When to Switch from High Back Booster to Booster

A booster seat is a seat that helps a child’s safety while traveling in cars. Booster seats lift kids up, which results in the seatbelts lying across the strong bones of the chest and pelvis in place of the belly and neck, where they could do severe damage in a crash.

A booster seat is also called a child safety seat, infant safety seat, child restraint system, child seat, or baby seat. These seats are most commonly purchased and installed by the car owner, but some cars come with these seats as well.

There are different types of booster seats for different needs. There are backless booster seats, high-back booster seats, and combination booster seats.

It is important for us to know which one is appropriate at what age. This article will give a clear idea about when to switch from high back booster seats to booster seats.

When to Switch From High Back Booster to Booster?

High back booster seats are booster seats that have an extended backside and shock-absorbing side bolsters that are called “wings” around the head, neck, and, in some cases, sides.

High back booster seats have an elongated back, making them look like a car seat. These seats are also great for kids who like to sleep on a car journey as it keeps their body from slumping.

Studies have shown that the side-impact defense of a high back booster seat notably decreases the threat of whiplash and other injuries when used correctly.

This makes a high back booster the preferable choice for younger or smaller children who still have to have a belt-positioning booster seat but need the added head support.

The safest option is to keep your kid in a high back booster seat for as long as possible as it is the safer option, but it is likely that once a child is old enough and developmentally ready enough, they won’t want a high back booster seat.

So, that’s when a traditional booster seat comes into play.

Your Child Should Be Ready to Switch from a High Back Booster to a Booster Seat When:

  • They are about 8 to 12 years of age.
  • This is over 65 pounds and under 120 pounds.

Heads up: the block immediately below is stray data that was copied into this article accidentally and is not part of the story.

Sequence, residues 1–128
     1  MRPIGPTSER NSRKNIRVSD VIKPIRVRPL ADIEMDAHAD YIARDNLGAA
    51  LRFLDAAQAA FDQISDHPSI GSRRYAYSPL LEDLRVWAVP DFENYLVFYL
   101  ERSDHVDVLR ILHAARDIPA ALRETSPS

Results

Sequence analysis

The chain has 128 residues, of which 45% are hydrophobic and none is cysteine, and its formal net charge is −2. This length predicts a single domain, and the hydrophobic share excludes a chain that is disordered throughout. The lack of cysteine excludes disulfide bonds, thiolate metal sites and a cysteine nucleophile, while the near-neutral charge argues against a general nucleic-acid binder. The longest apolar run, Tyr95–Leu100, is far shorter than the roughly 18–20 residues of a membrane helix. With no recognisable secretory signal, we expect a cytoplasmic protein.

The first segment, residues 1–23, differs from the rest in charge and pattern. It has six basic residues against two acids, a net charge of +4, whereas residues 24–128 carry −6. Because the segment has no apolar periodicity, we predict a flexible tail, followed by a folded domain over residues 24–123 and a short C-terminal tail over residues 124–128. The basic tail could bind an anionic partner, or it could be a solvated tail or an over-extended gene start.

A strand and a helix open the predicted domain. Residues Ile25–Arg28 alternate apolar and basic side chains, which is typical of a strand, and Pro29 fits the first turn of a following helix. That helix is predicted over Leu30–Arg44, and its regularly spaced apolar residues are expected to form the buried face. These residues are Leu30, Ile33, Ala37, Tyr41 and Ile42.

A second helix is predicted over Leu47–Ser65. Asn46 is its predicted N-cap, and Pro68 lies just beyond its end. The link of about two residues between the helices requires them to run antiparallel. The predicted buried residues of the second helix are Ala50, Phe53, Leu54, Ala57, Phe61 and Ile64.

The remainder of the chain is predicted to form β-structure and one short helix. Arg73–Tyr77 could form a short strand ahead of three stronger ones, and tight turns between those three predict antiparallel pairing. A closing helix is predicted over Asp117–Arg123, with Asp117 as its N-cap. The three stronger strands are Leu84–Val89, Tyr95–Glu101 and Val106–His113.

• They are at least 4 feet, 9 inches, according to AAA.
  • The seat belt strap fits across their collarbone and shoulder and not their neck when in the booster seat.
  • They can sit still on their own without slouching or leaning forward.

Is a High Back Booster Safer Than a Backless Booster?

A backless booster seat is a traditional booster seat with no back support. A high back booster seat is recommended for children for as long as possible. The reason is that high-back booster seats are way safer than other booster seats.

In a high back booster seat, the seat belts typically stay better positioned on the child’s body, as the seat keeps their body upright and prevents them from leaning sideways.

It keeps the child’s body better positioned for a hard brake or a swerve, which makes it the safer option. A backless booster is a good option when a high back booster isn’t practical to use anymore.

At What Weight Can a Child Use a High Back Booster?

A high back booster is the safest seat option for a child. But there are specific requirements for using this seat nonetheless. A child can’t keep using a high back booster when they’ve outgrown it already.

Like most booster seats, there is a weight and height limitation. Children can use a high back booster seat when they reach 40 to 65 pounds until they weigh 120 pounds.

Evert car seat is unique, and every child is individual; you have to read the manual to know for sure that you’re strapping your child in correctly and that your child is comfortable enough in their booster seats.

How Tall Should a Child Be For a Backless Booster?

Requirements for installing certain booster seats should be followed cautiously. According to AAA, kids should continue using the booster seat until they’re at least four feet, nine inches.

Children can stop utilizing a booster seat when the car seat belt properly fits them and they don’t need any support to keep their bodies upright.

That commonly occurs between the ages of 10 and 12, or when the child is close to about five feet tall or over 120 pounds.

What Is The Difference Between a High Back Booster and a Regular Booster?

A high back booster seat works like a hybrid model of a conventional backless booster seat and a car seat. High back booster seats have a back that’s longer as well as shock-absorbing side bolsters named “wings” around the head, neck, and, in some cases, sides.

Some high back booster seats even have a 5-point harness for kids under 40 pounds, and some even have a removable back.

They have seat belt guides that guarantee a proper fit for both lap and shoulder belts. On the other hand, a regular booster is a backless seat made for older or tall children their age. A backless booster gives you a few more inches to play with when it comes to headspace.

How Long Should a Child Be in a 5-Point Harness?

A child should be in a 5-point harness until they are developmentally ready, even if they fit within the size limit.

You can switch from a 5-point harness to a booster seat when the child can keep their own body upright and not lean too much on the sides.

Kids around the age of 3-4 should still use a 5-point harness rather than a booster seat.

Final Words

Booster seats are made to ensure safety for little kids. These seats should be used until a child is grown enough to fit into the car seat belt. Amongst the popular two options, high back booster seats are much safer.

These seats come with many advanced options that guarantee a child’s safety when it comes to hard braking or swerving.